An individual is protected from retaliation for engaging in protected activity, which includes:
- Opposing a practice made unlawful by one of the EEO statutes.
- Filing a charge, testifying, assisting, or participating in any manner in an investigation, proceeding, or hearing under the applicable statute (regardless of the validity or reasonableness of the original allegation of discrimination)
- individuals testifying or presenting evidence as part of an internal investigation
- individuals not members of the protected class subjected to discrimination (e.g., a white individual may allege that he was retaliated against for opposing discrimination against African-Americans)
- individuals associated with a protected individual
- The American with Disabilities Act prohibits retaliation against an individual for opposition to any violation of the statute, not just employment discrimination, including state and local government services, public accommodations, commercial facilities, and telecommunications.
The anti-retaliation provisions prohibit ANY adverse treatment that is based on a retaliatory motive and is reasonably likely to deter the charging party or others from engaging in protected activity.
Complaints of reprisal are not at all uncommon and any manager that makes a decision adverse to an employee subsequent to some protected activity by that employee runs the risk that a complaint of reprisal will follow.
To prove reprisal
A complainant only needs to show:
- That he/she opposed unlawful employment practices or participated in Title VII proceedings.
- That his/her employer was aware of her protected activity.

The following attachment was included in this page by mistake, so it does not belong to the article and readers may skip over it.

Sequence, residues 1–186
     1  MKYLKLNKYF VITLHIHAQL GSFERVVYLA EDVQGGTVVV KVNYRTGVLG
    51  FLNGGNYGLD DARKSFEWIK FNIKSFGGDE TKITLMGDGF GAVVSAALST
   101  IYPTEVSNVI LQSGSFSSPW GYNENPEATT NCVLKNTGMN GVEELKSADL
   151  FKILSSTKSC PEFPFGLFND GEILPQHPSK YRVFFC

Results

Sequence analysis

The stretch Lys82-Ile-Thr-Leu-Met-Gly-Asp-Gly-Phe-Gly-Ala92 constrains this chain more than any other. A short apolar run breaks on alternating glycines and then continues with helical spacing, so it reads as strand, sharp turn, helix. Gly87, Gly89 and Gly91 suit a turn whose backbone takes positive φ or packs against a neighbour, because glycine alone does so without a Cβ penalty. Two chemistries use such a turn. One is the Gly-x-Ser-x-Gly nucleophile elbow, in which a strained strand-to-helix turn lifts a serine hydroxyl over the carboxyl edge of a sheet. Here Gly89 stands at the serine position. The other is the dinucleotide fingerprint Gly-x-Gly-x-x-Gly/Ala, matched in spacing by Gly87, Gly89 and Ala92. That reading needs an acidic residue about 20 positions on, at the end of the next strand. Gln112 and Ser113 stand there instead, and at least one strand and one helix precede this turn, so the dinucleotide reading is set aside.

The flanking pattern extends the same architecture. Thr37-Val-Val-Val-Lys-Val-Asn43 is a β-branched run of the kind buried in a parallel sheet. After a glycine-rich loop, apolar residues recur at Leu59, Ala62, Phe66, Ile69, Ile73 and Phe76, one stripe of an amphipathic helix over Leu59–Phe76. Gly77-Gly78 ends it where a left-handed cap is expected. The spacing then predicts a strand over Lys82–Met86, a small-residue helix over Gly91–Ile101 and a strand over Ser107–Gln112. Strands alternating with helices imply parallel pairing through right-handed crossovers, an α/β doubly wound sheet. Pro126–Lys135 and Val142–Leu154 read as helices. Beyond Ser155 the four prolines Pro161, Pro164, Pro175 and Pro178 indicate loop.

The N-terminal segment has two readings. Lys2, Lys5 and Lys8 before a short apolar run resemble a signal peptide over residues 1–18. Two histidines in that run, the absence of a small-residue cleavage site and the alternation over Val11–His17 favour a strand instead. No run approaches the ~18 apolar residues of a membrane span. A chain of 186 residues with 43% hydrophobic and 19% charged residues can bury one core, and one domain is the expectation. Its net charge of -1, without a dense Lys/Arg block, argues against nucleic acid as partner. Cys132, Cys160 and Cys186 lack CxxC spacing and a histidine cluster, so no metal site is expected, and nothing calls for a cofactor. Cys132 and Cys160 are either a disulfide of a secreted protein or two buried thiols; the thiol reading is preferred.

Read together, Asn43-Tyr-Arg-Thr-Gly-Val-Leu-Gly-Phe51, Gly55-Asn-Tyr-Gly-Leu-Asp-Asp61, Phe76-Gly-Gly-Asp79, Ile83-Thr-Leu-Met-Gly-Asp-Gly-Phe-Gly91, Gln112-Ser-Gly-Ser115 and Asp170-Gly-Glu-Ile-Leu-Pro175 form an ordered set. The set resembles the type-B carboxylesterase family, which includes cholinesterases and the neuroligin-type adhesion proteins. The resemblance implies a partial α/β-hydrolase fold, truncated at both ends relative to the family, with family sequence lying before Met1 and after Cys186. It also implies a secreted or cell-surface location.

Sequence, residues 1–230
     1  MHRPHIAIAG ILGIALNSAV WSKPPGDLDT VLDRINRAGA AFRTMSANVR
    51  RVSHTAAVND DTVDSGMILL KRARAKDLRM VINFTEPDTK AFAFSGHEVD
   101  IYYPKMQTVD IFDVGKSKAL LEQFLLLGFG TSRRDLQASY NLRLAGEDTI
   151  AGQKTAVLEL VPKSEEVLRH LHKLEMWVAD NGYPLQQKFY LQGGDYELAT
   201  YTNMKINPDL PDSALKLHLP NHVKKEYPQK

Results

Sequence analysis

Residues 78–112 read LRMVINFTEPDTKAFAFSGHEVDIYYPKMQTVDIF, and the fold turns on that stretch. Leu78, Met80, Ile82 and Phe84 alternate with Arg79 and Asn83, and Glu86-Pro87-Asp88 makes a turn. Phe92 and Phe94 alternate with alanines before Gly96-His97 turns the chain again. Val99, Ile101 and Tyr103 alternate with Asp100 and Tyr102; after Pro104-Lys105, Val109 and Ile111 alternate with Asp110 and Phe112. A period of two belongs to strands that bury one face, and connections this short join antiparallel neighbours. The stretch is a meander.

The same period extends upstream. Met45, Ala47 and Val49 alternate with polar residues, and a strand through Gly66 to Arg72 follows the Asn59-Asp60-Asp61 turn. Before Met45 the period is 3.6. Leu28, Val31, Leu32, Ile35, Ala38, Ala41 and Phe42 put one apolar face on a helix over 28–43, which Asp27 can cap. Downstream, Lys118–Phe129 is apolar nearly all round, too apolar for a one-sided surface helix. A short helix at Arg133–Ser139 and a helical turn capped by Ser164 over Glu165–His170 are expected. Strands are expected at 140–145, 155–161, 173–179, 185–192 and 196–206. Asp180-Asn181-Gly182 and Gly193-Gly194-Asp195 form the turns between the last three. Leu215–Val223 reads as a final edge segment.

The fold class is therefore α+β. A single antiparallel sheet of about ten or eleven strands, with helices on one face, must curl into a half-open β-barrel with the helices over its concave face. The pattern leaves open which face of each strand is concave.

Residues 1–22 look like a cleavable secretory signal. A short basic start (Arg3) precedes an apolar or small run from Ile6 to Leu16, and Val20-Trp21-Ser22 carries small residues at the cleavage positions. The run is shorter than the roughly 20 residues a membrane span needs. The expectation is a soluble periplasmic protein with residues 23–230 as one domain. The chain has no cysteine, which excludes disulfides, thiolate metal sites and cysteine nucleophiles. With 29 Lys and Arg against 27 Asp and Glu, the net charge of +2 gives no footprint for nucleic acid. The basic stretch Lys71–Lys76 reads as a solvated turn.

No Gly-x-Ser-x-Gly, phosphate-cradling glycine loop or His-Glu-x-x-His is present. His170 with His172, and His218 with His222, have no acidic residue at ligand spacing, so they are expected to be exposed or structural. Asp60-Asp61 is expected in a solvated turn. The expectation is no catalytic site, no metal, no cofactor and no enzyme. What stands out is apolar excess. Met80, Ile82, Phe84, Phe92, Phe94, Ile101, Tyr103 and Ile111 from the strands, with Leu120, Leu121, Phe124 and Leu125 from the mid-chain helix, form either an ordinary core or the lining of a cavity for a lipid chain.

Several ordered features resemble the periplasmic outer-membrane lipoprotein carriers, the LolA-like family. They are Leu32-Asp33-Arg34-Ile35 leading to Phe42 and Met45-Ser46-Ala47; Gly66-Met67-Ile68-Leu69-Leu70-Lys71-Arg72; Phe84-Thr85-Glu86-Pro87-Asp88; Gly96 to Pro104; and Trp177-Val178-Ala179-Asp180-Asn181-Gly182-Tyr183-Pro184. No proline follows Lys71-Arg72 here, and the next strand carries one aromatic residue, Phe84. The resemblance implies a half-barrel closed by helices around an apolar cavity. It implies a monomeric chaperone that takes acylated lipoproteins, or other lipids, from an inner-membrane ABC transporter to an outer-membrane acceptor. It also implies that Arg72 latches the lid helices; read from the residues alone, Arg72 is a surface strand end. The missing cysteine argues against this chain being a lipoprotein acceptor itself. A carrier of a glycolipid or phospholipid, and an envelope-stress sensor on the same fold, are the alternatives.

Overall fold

- That subsequently his/her employer took adverse action against him/her
- The adverse action followed his/her protected activity within such period of time that retaliatory motive can be inferred.
Three Essential Elements
- Protected activity - opposition to discrimination or participation in the statutory complaint process
- Adverse action
- Causal connection between the protected activity and the adverse action
It does not matter how an employee participates in the EEO process; it is the participation itself that is protected.
The fact that an employee has previously filed an EEO complaint DOES NOT prevent management from legitimately dealing with the employee on conduct-related matters.
Employees are allowed official time to participate in the EEO process, including those who are serving as a representative for the complainant.
Denial of official time may be considered reprisal and EEO HQ will request a denial in writing.
When an agency fails to take prompt and effective action in response to a complaint of sexual harassment, it may be liable for the resulting hostile environment.
That same failure may also form the basis of a reprisal complaint.
When in doubt, call your local EEO counselor or Headquarters EEO.